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New Generation of Mobile IoT Is Changing Consumer Experiences

Startups with solutions that employ Bluetooth Low Energy, Eddystone and traditional Bluetooth will help consumers find their personal property, view product content without an app at stores, and share music from a phone with multiple speakers or devices.
By Claire Swedberg
Apr 03, 2017

Mobile technology startups are developing a variety of technologies that aim to disrupt the way in which consumers experience many facets of their lives. During the past few years, numerous such companies have developed Bluetooth Low Energy (BLE) or related systems that will enable people to better manage their property, shop for goods at a store with the help of their smartphones, and share their music. Others are currently doing so.

Three companies that were listed as Bluetooth Special Interest Group (SIG) finalists for the 2017 Imagine Blue Awards represent the latest generation of Internet of Things (IoT) and BLE innovators that, according to SIG, could impact consumers as well as companies serving those consumers. Those three companies are TrackR, which offers a BLE system, Beeem Technologies, which sells an Eddystone alternative to traditional BLE retail applications, and Tempow, which provides a straight Bluetooth system for pairing multiple devices for a smart device running Tempow's software.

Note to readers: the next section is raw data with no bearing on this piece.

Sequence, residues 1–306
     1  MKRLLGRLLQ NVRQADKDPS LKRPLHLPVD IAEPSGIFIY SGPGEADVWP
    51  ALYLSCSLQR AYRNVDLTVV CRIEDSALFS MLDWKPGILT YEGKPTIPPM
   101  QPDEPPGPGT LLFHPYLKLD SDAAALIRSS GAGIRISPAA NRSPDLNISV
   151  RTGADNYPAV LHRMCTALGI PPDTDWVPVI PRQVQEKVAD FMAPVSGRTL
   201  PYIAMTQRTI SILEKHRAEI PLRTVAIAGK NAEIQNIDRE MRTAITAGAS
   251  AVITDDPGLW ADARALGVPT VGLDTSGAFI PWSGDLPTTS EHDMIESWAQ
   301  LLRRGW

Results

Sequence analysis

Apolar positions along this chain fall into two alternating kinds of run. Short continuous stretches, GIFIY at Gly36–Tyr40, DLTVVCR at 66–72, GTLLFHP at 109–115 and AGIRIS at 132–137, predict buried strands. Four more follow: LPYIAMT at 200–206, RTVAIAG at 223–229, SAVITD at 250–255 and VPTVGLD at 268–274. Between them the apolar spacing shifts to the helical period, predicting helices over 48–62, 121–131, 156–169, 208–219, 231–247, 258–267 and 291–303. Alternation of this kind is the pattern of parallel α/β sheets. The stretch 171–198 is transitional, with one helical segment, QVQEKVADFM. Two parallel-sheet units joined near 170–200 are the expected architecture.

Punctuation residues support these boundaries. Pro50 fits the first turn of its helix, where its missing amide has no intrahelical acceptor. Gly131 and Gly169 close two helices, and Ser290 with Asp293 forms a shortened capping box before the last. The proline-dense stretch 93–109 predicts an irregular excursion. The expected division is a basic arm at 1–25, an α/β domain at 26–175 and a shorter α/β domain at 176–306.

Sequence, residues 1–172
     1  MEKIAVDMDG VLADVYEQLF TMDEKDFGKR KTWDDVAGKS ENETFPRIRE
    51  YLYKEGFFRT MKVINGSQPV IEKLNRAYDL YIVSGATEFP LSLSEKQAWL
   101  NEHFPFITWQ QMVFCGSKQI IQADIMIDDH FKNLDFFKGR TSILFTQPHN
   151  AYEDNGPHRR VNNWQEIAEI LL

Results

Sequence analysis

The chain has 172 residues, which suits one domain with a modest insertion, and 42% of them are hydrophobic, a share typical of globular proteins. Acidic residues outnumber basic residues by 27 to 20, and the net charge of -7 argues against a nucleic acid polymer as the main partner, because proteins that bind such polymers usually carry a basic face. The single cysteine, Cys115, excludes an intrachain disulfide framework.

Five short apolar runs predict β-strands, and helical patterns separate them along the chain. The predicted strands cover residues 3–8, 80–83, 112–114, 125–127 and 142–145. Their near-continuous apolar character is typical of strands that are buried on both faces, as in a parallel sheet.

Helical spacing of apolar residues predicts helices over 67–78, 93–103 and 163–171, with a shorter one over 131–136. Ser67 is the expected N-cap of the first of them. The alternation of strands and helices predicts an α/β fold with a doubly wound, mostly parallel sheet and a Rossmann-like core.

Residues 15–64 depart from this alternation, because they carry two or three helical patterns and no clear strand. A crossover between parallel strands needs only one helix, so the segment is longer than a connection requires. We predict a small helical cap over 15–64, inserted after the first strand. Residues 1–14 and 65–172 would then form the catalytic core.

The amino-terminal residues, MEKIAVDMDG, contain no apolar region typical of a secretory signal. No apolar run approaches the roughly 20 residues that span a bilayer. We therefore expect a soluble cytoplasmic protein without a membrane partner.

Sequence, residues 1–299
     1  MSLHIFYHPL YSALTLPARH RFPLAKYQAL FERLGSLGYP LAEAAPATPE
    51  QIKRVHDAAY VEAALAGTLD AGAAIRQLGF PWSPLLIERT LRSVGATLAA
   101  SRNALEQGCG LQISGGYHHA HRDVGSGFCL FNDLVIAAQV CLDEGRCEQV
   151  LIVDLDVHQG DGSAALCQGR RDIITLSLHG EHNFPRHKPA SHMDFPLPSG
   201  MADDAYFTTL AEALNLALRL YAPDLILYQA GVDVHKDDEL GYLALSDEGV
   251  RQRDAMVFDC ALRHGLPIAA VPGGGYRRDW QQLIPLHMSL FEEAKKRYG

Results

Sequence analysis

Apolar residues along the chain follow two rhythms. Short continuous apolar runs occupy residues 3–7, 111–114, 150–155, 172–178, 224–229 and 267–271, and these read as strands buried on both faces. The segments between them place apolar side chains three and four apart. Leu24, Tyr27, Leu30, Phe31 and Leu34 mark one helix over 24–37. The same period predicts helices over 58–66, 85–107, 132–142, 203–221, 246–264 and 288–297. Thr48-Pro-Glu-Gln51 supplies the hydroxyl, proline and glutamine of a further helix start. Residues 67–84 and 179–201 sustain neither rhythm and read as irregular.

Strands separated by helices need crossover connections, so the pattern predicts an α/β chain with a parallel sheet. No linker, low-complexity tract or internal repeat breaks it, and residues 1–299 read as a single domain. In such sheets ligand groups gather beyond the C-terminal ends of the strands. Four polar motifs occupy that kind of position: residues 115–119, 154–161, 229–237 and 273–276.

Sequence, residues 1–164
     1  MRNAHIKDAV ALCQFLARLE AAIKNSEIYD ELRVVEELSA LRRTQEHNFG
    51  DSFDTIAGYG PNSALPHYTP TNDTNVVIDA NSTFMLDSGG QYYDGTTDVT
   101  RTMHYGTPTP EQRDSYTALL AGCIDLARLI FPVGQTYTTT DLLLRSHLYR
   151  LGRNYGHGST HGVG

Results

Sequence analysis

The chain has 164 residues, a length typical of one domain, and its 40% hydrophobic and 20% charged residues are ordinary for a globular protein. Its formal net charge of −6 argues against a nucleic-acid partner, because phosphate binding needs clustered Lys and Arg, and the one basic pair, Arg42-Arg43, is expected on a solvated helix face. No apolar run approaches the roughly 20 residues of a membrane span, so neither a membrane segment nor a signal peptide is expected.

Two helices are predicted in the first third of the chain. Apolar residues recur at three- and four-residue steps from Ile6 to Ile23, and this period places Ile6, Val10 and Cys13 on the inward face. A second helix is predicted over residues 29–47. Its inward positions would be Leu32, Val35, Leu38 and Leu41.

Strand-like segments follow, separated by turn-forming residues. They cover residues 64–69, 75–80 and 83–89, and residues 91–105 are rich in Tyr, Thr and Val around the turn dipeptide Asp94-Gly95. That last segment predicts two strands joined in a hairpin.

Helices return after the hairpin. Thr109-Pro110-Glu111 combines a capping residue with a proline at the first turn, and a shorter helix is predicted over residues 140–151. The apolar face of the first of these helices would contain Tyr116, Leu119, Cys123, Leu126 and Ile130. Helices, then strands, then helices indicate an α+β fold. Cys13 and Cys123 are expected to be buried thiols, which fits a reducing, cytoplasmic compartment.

TrackR's Christian Johan Smith
California-based TrackR offers a BLE solution that, simply put, helps users find their stuff. The application creates a virtual floor plan of an individual's home or other space with plug-in Bluetooth devices in each room, then enables the user to see the in-room location of anything tagged within that space.

TrackR was developed by engineering students at the University of California Santa Barbara, based on a bad experience they had at the beach when they could not find their car keys. The students had enjoyed a morning of surfing while their car was parked on the beach, but when they returned, they found the tide approaching and realized their keys were missing.

Those keys were, in fact, buried in the sand, says Christian Johan Smith, TrackR's president and cofounder, and they were only able to find them—and save their vehicle from the incoming tide—with the help of a passerby who happened to have a metal detector. That event led them to create their own solution in 2010 that now serves consumers; the latest version, released this year, is known as TrackR atlas.

The team started with a coin-sized beacon device known as the Bravo, which could be attached to items such as keys, purses or gym bags, and a Bluetooth-enabled smartphone running the TrackR app. The phone would detect when an object was within range, and the app would employ that information to find missing articles.

Not only can the app help a user find an item based on when he or she comes within range of it, but the data is linked to the phone's GPS signal. Thus, it can store the last known location of an object, such as a set of keys, based on when the phone last detected a signal (according to its longitude and latitude). The app comes with a crowd-based function that allows others in the user's area to anonymously help find missing items, provided that they are also running the TrackR Bravo app and come within range of an object that someone has reported missing.

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